A graphic, put out by the social media channels of the Bharatiya Janata Party (BJP), has missed a negative sign before India's gross domestic product estimates for 2020 released on January 26 by the International Monetary Fund (IMF).
The graphic shows India growing at 8% in its 2020 estimates, whereas the IMF in its latest World Economic Outlook publication shows that India would contract by 8% (which is negative growth, or -8%) in financial year 2021 (corresponding to the 2020 column). In calendar year 2020, India's economy would shrink 7.6% (that's a negative growth, or -7.6%).
Without the negative sign, India is placed as the fastest growing economy among those economies mentioned in the graphic, growing even faster than China's 2.3%. However, to show economic contractions in other economies it has used in the graphic, a negative sign has been used.
In actuality, among the economies on the list, only China is poised to witness an economic growth this year. In 2020, other economies are estimated to witness a negative contraction of various magnitudes. However, the poster correctly identifies that India will grow 11.5% in 2021 (which corresponds to fiscal year 2022).
Read the IMF's release below.
The poster can be seen below. India's estimates for 2020 and 2021 are highlighted in orange. The '8' in 2020 has no negative sign, while the estimates for all other economies except China do.
The BJP first posted it on their Facebook account, and then on its Twitter account. They can be seen below.
Archived version of their Facebook post here.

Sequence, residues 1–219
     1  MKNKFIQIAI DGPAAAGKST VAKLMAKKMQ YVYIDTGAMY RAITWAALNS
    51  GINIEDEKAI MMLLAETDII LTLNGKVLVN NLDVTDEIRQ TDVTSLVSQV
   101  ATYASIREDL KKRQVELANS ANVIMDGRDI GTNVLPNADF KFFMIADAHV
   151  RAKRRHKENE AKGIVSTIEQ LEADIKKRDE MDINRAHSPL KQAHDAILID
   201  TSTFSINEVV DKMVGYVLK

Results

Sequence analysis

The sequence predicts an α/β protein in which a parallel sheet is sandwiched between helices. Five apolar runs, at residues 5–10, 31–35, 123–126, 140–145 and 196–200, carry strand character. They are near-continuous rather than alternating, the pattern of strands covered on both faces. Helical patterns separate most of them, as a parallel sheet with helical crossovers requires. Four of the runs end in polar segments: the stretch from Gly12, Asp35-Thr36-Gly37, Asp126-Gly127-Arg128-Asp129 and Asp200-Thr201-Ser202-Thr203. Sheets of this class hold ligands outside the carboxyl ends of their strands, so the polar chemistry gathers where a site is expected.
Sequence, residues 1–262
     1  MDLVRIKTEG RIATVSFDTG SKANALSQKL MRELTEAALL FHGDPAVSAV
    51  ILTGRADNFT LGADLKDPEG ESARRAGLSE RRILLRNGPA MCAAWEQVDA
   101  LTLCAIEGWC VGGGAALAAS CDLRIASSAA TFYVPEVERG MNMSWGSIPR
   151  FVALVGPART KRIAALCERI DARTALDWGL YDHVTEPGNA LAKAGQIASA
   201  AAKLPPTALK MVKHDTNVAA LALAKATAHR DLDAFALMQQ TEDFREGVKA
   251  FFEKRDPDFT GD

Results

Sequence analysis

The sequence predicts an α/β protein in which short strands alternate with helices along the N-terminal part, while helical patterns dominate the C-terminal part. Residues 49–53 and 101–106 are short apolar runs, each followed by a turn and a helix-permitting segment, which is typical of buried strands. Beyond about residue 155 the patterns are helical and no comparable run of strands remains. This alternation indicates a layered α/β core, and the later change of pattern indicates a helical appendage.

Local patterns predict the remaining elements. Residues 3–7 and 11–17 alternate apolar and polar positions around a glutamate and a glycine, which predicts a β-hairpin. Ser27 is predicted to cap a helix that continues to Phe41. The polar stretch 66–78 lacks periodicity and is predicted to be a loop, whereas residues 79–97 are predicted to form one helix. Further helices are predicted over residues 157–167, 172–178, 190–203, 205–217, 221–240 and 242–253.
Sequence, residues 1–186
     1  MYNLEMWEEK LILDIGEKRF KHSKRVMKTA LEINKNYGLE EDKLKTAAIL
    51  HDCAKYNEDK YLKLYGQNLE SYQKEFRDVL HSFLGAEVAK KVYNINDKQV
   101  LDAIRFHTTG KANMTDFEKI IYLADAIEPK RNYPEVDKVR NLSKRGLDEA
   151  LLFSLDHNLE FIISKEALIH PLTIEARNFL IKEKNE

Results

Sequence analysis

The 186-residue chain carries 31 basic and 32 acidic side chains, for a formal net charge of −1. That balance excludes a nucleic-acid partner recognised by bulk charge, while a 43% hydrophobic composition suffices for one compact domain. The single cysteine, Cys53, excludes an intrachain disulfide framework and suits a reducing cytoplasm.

The archive of the tweet can be found here.
What has the IMF said?
The IMF, in the January update of its flagship World Economic Outlook publication has said India will witness a 8% contraction in FY21 or a -8% change in its real GDP growth in FY21.
In its original graphic clearly shows a negative sign before India's GDP estimate of -8% in 2020. It can be seen originally with the IMF here.
For calendar year 2020, the shrinkage would be 7.6%, close to the contraction for the full fiscal year of 8%.
The IMF, however, has raised India's GDP estimates from 8.8% in the October update to its World Economic Outlook publication, to 11.5% - an upgrade of 2.7 percentage points which the IMF identifies as a notable revision. The publication also mentions a better than expected economic showing in the second quarter of the ongoing financial year. These high growth rates would be due to a favourable base effect - since India will contract markedly this year, it will bounce back faster in percentage terms.
This is not the first time that the BJP has muddled up a poster attributed to the IMF. Last August, it tweeted GDP estimates of India according to the IMF's April World Economic Outlook edition, but was actually lowered downwards in June. Read our story below.
Update: On January 28, the BJP has deleted this graphic from its social media channels and updated it with the correct number - which is -8%.
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